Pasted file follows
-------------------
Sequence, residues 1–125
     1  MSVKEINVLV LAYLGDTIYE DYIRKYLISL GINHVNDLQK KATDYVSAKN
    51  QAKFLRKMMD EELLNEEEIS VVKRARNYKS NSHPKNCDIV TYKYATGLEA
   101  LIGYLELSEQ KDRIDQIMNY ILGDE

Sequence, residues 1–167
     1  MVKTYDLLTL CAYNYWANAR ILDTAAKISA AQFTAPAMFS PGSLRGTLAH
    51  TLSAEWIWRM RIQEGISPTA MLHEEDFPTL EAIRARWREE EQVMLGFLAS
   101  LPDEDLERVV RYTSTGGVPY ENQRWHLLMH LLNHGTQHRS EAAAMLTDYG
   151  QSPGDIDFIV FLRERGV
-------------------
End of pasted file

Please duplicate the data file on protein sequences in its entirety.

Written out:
Sequence, residues 1–125
     1  MSVKEINVLV LAYLGDTIYE DYIRKYLISL GINHVNDLQK KATDYVSAKN
    51  QAKFLRKMMD EELLNEEEIS VVKRARNYKS NSHPKNCDIV TYKYATGLEA
   101  LIGYLELSEQ KDRIDQIMNY ILGDE

Sequence, residues 1–167
     1  MVKTYDLLTL CAYNYWANAR ILDTAAKISA AQFTAPAMFS PGSLRGTLAH
    51  TLSAEWIWRM RIQEGISPTA MLHEEDFPTL EAIRARWREE EQVMLGFLAS
   101  LPDEDLERVV RYTSTGGVPY ENQRWHLLMH LLNHGTQHRS EAAAMLTDYG
   151  QSPGDIDFIV FLRERGV